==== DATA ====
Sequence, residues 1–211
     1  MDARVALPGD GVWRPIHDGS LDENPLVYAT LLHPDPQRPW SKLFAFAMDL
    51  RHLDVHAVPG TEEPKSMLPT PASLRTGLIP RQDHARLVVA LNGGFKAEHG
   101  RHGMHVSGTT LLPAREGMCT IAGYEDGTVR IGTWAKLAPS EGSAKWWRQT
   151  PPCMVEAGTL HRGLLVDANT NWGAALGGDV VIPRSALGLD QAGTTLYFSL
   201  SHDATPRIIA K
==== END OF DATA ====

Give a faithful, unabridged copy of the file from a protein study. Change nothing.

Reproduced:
Sequence, residues 1–211
     1  MDARVALPGD GVWRPIHDGS LDENPLVYAT LLHPDPQRPW SKLFAFAMDL
    51  RHLDVHAVPG TEEPKSMLPT PASLRTGLIP RQDHARLVVA LNGGFKAEHG
   101  RHGMHVSGTT LLPAREGMCT IAGYEDGTVR IGTWAKLAPS EGSAKWWRQT
   151  PPCMVEAGTL HRGLLVDANT NWGAALGGDV VIPRSALGLD QAGTTLYFSL
   201  SHDATPRIIA K